“The kids are driving me nuts!” my youngest daughter tells me just as the province is going into lockdown again, school back to online learning.
“What’s the problem?”
“They’re bored. No friends, no school, and we’re limited in what we can do. They are always looking to us to entertain them, and we both work full-time. It’s impossible.”
I cringe. I hated it when my kids would whine: “I’m bored!”
“Why is it your responsibility?” I ask. “When you guys were little, I’d just threaten you with cleaning your room and you’d find something to do.”
What I’m thinking is that kids should learn to deal with their own boredom, but it’s not my place. It’s frustrating being stuck at a distance and not being able to help out. I think about breaking protocols, but it’s too risky. The new variants of the virus are spreading rapidly and hitting a younger demographic.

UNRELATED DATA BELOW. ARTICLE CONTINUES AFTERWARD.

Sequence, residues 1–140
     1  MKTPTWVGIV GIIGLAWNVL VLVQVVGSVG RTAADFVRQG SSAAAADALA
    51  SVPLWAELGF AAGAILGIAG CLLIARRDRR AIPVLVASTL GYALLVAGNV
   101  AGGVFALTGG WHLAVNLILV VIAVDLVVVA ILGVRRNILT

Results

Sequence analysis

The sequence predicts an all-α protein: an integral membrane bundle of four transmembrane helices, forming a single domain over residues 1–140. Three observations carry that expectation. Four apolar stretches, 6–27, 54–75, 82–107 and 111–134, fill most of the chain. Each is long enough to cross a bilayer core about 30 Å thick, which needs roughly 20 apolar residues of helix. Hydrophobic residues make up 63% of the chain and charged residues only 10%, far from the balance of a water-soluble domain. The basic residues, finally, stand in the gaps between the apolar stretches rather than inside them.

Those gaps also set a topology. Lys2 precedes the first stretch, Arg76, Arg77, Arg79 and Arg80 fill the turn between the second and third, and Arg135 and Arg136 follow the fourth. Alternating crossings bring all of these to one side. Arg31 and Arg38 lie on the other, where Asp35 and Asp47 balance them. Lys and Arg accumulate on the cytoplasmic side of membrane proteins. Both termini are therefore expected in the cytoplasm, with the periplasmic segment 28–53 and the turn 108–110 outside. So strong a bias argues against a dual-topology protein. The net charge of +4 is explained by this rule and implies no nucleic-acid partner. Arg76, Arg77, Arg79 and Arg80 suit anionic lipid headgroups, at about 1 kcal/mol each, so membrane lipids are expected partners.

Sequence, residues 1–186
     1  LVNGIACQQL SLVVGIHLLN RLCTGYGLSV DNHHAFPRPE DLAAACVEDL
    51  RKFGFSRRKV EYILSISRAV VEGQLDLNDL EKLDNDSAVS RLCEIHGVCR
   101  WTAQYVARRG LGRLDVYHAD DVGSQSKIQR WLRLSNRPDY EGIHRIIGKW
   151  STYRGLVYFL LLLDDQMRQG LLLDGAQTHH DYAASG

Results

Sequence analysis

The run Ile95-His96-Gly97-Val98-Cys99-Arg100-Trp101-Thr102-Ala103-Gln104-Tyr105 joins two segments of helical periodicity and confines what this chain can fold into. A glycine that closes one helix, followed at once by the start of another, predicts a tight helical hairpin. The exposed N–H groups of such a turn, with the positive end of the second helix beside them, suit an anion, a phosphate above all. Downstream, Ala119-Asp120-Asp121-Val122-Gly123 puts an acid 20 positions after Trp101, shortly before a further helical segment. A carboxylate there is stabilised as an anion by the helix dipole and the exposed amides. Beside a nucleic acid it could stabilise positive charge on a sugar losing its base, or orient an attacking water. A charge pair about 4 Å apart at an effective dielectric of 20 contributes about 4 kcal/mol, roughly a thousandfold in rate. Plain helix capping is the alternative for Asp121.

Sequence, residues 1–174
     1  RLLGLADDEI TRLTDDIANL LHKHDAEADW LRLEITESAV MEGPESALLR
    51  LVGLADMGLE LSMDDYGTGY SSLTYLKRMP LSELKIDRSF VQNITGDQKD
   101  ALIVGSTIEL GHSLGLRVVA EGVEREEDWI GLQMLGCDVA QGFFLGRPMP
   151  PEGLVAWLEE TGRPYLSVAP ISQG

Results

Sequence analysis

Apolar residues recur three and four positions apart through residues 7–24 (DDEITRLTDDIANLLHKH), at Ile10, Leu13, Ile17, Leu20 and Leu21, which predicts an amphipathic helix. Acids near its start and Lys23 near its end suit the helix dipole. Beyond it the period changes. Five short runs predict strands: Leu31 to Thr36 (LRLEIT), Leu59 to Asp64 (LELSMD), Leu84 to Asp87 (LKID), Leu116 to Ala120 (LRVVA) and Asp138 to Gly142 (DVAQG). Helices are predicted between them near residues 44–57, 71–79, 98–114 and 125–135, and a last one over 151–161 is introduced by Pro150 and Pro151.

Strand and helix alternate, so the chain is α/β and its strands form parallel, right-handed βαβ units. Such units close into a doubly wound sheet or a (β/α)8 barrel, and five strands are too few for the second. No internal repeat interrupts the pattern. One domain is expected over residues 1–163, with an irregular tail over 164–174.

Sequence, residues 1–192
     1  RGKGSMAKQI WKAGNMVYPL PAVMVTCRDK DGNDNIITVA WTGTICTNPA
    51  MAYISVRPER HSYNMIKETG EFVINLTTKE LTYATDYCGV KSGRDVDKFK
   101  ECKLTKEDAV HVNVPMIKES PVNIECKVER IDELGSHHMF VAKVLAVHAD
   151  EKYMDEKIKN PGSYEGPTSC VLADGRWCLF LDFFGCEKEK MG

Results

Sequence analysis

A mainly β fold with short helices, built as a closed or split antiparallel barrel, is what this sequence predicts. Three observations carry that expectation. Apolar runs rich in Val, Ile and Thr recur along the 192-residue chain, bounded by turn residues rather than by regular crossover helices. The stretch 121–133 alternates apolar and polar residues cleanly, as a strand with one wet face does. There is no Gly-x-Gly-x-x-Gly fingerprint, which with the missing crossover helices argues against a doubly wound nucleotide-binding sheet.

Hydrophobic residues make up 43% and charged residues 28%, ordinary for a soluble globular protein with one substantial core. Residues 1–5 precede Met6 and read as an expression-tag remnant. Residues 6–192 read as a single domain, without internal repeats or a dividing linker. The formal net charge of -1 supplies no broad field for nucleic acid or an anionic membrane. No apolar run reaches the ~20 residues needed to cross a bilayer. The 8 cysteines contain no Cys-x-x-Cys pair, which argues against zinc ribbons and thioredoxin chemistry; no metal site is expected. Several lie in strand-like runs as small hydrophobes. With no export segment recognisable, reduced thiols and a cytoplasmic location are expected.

I remember when my kids were young. I hated being that mother that nagged, but getting them to do chores or help around the house was almost impossible. So, one day, at my wit’s end, I created a housework board game. They had to roll the dice to see which chores to do, and I threw in fun squares, such as “pick the music”, or “take a snack break”. My kids have never forgotten it.
“Time to get creative,” I tell my husband.
It’s taken two days, and one late night, but I think I’ve got the solution. I call it the Bored Board Game. I’ve ordered special paper to print it on, and should be able to make delivery some time this week.
How are you dealing with boredom in your corner of the world? This week I have a special request. Describe the phenomena, or offer a solution, but please don’t use the word. We will all know what you mean.
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